Despite being trapped inbetween two superlatives, this enchanted island, Koh Yo, manages to mind its own business in the most untroubled manner.
The first superlative: Songkhla Lake, the largest natural lake in Thailand, covering an area of 1,000 square kilometers. Technically speaking, the lake is not a lake, but a complex of lagoons where the freshwater coming from the mountains mixes with the salty ones entering from the Gulf of Thailand.
The second superlative: Tinsulanonda bridges built in the ’80s by the former Prime Minister Prem Tinsulanonda, a native of Songkhla. The two structures, totaling 2.6 kilometers, form the longest bridge across the water in Thailand. If it was not for his initiative, I would not have made it on the island riding Unirea and surely would haved missed the freedom to move around. Thank you for this.
Once I put my first wheel on the island, I had the first visual shock: a 30 meters long sleeping Buddha statue (reclining Buddha, as they officially call it) was bathing in the morning sun two steps away from Laemphor Phranom temple. A first warning that the island had much to offer.
It was terribly hot, and after a quarter of an hour photo shooting, I felt dizzy and exhausted. I left the temple in search for some cold water. I found a restaurant on the shore and the curious and amused glances welcomed me once more: look farang man! The menu was in Thai, the staff was Thai, so I had water and coffee, unwilling to take any risks that might have risen from ordering food. Swirling around my eyes, I noticed a plate of fruits on the next table. They looked sensational. I asked the waitress to bring me some. The taste was as extraordinary as the look: a juicy combination of apricot and melon. The investigations on the spot revealed the local name of madziku fruit, and some subsequent internet search indicated this is a sapodilla variety found only on Koh Yo. Local pride that is.
The jack-fruit is another local pride of the island. As I left the restaurant, I came across an old lady selling it. I took a photo, and she offered me a slice. Whoever said jack-fruit tastes bad should try this one and think again about such assertion.
Moving on. I surrounded the island 10 times and each time I discovered new things in old places. Fishermen returning from the lake honored the local whiskey and the buffalo soup. I was invited to join, but I never eat buffalo soup while driving.
I came across Wat Kok Pew, where they have a school for monks. The kids, all between 10 and 14 years old, were manufacturing firecrackers out of bamboo sticks. I did not quite understand the technique, but the cracking stuff surely was loud.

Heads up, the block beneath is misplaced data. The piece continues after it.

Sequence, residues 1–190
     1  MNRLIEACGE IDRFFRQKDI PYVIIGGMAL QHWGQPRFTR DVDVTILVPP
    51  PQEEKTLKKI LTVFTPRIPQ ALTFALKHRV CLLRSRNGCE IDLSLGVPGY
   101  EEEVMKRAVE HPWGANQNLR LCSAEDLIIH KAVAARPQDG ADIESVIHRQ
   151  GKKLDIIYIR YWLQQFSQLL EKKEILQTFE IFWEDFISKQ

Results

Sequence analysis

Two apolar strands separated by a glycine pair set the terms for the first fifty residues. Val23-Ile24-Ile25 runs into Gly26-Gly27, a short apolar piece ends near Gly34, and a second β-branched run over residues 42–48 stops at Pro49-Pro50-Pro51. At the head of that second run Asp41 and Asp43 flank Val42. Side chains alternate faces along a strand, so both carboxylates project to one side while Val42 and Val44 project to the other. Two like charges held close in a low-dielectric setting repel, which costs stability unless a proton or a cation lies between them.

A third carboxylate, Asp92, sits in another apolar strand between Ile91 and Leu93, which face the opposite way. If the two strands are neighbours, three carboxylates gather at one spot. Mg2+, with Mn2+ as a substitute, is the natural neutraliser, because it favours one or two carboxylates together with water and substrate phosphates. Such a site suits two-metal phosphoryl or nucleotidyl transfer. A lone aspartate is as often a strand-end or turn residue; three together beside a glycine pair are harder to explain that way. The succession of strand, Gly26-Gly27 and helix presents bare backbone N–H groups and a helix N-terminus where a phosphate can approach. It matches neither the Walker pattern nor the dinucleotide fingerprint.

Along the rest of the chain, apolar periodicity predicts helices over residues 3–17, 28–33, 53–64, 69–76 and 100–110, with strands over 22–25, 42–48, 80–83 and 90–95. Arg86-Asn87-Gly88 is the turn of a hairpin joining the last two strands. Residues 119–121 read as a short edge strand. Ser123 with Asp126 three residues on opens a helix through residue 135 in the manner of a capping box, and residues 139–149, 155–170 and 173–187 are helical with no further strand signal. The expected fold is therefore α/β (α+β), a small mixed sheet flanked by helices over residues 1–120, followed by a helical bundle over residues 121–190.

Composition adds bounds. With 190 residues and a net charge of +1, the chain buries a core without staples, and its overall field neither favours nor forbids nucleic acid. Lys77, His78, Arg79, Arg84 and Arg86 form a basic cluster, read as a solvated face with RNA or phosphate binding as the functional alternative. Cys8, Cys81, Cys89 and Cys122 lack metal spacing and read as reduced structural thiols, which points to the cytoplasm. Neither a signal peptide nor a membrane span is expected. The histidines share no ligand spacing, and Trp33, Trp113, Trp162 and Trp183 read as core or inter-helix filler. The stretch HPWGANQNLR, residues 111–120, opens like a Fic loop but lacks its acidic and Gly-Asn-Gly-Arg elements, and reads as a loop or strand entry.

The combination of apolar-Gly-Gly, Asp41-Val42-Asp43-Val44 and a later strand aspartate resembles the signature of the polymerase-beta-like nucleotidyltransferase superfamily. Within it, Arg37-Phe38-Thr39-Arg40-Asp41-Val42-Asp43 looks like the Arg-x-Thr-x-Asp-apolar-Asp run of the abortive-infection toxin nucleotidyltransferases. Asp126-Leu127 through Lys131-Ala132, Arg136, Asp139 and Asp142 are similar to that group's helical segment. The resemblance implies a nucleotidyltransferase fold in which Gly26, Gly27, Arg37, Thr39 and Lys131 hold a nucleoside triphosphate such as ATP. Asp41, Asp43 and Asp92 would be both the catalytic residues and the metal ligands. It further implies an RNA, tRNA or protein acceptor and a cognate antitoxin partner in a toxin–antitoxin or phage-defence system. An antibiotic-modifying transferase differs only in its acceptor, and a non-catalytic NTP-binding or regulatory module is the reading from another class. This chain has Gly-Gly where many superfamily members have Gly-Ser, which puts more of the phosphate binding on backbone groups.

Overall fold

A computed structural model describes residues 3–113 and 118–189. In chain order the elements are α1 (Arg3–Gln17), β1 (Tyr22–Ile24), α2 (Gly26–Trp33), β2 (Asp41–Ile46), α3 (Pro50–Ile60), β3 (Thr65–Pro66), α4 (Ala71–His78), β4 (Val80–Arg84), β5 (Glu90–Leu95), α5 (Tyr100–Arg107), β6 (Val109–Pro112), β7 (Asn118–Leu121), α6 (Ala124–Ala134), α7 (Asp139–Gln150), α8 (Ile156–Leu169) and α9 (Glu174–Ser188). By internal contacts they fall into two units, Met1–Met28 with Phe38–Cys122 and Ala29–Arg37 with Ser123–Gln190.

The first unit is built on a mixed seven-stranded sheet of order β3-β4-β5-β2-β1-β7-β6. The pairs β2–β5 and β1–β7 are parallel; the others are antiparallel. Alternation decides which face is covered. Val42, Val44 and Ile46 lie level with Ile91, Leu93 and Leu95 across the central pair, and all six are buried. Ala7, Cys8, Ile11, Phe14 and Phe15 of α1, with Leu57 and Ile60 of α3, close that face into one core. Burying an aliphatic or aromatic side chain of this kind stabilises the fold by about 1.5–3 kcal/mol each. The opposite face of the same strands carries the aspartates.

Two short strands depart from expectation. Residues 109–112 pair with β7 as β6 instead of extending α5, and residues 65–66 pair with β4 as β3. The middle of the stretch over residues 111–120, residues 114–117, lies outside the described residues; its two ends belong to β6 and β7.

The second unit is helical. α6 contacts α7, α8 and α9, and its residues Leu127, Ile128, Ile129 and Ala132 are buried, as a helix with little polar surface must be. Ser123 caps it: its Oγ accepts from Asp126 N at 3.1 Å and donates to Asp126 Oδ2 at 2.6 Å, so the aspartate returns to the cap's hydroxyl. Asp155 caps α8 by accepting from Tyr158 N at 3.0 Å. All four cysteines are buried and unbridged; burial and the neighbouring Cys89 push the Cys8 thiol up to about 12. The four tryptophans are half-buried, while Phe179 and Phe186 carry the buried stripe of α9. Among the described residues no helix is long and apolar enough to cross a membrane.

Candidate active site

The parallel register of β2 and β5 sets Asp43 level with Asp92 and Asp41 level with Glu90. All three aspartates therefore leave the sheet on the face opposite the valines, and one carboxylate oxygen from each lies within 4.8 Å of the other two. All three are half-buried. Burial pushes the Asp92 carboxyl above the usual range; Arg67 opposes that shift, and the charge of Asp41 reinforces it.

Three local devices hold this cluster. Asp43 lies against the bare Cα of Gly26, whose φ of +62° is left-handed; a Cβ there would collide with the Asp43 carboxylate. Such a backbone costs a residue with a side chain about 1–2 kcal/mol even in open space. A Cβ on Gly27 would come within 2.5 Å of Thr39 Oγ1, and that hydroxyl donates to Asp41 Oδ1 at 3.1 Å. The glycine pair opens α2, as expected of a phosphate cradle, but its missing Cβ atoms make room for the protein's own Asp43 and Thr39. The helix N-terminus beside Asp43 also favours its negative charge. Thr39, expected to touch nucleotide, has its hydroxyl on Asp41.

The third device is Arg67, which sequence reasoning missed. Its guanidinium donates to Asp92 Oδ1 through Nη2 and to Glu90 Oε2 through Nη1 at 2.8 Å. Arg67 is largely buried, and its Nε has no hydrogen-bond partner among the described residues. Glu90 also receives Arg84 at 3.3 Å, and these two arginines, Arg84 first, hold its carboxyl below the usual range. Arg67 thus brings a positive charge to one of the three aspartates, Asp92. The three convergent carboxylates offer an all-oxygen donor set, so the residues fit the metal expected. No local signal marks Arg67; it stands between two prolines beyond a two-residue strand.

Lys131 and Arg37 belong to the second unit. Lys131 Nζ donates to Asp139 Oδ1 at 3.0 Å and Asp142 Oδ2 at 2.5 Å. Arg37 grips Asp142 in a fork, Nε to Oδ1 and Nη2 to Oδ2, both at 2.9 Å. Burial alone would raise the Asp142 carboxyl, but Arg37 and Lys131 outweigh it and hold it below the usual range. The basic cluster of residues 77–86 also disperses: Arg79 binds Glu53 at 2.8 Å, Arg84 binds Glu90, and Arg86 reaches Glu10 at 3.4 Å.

I found accommodation as well. The rooms were rather big, very clean and overlooking the lake. The price was 150 thb per night.
I stopped in the backyard of another temple, Wat Thai Yo and while taking out my camera, I noticed a stairway leading straight to the sky. At its base, a man who seemed a little disturbed, the lunatic-of-the-village type, was encouraging me to climb the stairs. He grabbed my arm and walked with me a few steps, then returned to his place. I suppose he was waiting for the next disoriented passer-by to force him into climbing up to heaven.
I remember an old Chinese movie about a Shaolin school. The novices were trained by climbing and descending stairs while carrying two full yokes on their shoulders. I felt I was one of those Shaolin students while climbing the stone stairs up to the hill. Where I was expected by – again like in the movies – a lone chedi, wrapped in silence, mystery and dead leaves. Awesome moment, brilliant revelation.
I admit I felt slightly guilty for spending a whole day on Koh Yo while ignoring so many other destinations I had on the list. Ten laps of the island, an eight hours chaotic spin around the bush and here I was where I first started. Nobody spoke English; I was unable to document anything for adding up some value to the poor information I had found on the internet. All in all I was wasting time – the fact being confirmed by the critical attitude of a group of goats I met.
I searched for a flat terrain to park my motorbike and have a cigarette, while meditating on my nothingness. I stopped next to a fisherman’s hut not much wider than the mattress it probably had inside. The smallest hut of all, with a jetty and a white and green boat. Is this why I troubled myself to come all the way? I went deeper into my melancholic state of mind. Then, on the wall facing the street I noticed an inscription. I approached, trying to discern the hidden message written in flaking paint.
And, my friends, on the wooden wall of the old fishing hut on the island of Koh Yo, on Songkla Lake which is connected to the mainland by the two Tinsulanonda bridges, someone had left this message written in English:
Success is the journey, not the destination.